Your Best Professional Life: How do You Score?

Photo by Annie Spratt on Unsplash

My son, severely dyslexic, was nurtured by nursery school, near-destroyed by upper primary, rescued by secondary and launched into the world, skilled and confident by university. I offer gratitude unbounded to my fellow educators who contributed.

He’s now thriving in a job he loves; one that uses his talents, respects his passion and understands his gifts. His company is simply the next stage of learning (albeit paid). It aspires to build a workplace where employees have, ‘No better professional life.‘ Expectations are high, as are committment and working hours, but my son and his team have the flexibility and autonomy to do what they do best in a system that values their contributions. He is a professional.

So, naturally, I got thinking about teaching. Can you honestly say the words, ‘there is no better professional life for me?‘ Well, before you jump in, let’s quantify and qualify the question we’re answering.

Here are five features of professionalism: autonomy, accountability, mastery, service and status. Score yourself out of 5 for each one, add them up, then decide.

Autonomy

Do you have the freedom to apply your professional experience, skills and knowledge in a way you see fit and in a manner that allows you to do your job the best you can? (0-5, 5 is yes)

Accountability

Are you held to account for your professional decisions by an official body with whom you share a purpose and one that understands your day to day practice? (0-5)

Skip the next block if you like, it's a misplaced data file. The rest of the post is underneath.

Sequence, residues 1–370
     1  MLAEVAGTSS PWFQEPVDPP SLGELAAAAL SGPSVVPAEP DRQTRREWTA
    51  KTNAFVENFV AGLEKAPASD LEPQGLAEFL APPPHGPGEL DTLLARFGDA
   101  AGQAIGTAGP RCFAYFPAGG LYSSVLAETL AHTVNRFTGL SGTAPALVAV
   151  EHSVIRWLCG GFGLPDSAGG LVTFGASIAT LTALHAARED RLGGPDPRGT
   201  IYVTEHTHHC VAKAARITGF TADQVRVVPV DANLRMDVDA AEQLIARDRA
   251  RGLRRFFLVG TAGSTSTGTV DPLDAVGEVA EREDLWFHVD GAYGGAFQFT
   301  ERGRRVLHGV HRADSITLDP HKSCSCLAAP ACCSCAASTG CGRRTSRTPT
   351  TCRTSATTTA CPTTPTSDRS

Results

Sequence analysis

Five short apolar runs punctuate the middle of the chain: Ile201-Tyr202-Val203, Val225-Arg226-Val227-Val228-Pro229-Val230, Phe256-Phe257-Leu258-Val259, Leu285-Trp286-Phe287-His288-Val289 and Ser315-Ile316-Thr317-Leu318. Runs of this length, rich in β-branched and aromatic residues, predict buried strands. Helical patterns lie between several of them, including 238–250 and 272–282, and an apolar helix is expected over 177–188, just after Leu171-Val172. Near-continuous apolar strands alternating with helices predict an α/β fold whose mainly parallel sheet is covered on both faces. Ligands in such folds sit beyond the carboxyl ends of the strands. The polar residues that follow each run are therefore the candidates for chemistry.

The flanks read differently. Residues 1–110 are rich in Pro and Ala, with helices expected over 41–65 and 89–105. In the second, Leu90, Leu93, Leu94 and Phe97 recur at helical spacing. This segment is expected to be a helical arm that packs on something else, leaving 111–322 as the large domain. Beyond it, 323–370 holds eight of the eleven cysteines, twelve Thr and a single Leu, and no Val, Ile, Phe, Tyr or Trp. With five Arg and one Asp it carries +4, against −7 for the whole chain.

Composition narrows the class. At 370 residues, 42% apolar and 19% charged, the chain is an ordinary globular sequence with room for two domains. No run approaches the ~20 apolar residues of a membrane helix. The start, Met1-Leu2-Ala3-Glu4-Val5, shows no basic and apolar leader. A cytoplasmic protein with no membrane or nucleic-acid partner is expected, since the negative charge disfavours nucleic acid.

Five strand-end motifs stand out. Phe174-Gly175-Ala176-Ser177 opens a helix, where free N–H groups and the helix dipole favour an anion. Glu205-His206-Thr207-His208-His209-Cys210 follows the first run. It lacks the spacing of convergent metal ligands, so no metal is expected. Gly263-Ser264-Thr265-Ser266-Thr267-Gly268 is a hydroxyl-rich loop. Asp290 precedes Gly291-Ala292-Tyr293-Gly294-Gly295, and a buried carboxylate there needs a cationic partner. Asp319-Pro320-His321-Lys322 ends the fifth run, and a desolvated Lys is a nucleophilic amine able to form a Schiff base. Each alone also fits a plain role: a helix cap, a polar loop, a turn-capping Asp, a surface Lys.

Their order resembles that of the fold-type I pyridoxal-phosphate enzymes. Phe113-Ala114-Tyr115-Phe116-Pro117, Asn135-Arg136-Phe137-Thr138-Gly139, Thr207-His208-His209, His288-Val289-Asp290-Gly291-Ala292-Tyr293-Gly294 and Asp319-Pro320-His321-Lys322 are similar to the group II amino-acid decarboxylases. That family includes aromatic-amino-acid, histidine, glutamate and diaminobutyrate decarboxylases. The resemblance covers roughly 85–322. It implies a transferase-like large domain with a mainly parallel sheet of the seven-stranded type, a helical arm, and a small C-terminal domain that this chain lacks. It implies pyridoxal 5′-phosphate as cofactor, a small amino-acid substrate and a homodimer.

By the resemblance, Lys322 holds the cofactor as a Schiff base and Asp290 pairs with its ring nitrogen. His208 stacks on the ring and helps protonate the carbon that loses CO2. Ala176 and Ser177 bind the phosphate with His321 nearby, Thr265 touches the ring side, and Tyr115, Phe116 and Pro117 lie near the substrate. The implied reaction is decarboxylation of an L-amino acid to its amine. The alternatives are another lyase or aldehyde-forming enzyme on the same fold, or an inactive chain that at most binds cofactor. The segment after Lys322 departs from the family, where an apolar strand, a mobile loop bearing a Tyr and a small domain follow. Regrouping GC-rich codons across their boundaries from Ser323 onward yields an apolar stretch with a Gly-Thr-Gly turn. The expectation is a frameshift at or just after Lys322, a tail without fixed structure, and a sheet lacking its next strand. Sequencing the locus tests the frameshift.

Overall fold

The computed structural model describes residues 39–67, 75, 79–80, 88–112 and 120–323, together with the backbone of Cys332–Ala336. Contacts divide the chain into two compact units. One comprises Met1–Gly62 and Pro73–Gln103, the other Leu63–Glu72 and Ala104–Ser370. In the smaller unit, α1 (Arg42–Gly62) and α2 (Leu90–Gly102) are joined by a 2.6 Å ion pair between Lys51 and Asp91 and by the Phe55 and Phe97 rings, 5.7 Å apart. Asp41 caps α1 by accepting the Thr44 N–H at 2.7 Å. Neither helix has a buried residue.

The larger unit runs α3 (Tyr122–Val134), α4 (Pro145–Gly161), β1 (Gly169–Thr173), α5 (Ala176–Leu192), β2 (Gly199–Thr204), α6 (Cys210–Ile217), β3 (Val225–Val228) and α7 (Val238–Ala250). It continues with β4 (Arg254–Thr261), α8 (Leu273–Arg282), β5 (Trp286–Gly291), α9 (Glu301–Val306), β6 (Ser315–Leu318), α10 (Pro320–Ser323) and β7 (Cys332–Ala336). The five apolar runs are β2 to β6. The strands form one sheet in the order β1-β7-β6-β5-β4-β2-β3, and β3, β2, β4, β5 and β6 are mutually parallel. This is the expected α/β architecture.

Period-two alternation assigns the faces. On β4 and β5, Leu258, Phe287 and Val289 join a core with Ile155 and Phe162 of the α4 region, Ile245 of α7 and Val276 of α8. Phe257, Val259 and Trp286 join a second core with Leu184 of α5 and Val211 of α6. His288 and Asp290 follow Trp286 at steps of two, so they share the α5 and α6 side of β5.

Mastery

Do you have the opportunity and motivation to develop your professional practice to the highest level? (0-5)

Service

Does your profession and the part you play in it add value to the people it serves? Are you fulfilled by the work you do for others? (0-5)

Status

Are you and your professional contributions publicly praised, valued and respected by your organisation, by your community and by your nation? (0-5)

Add up your scores*. The maximum is 25 (you are living your best professional life). Less than 15, maybe something needs to change, fast. Less than 5? Could there be something wrong with the profession, or your choice of profession?

I’m keen to know how we are doing in this challenging time, and time of year. Mail me mike@thinkingclassroom.co.uk or vote on the Twitter poll here.

*disclaimer: this is an exploratory piece to prompt discussion and thought, not something on which you should (solely) base a career move. Or a revolution.

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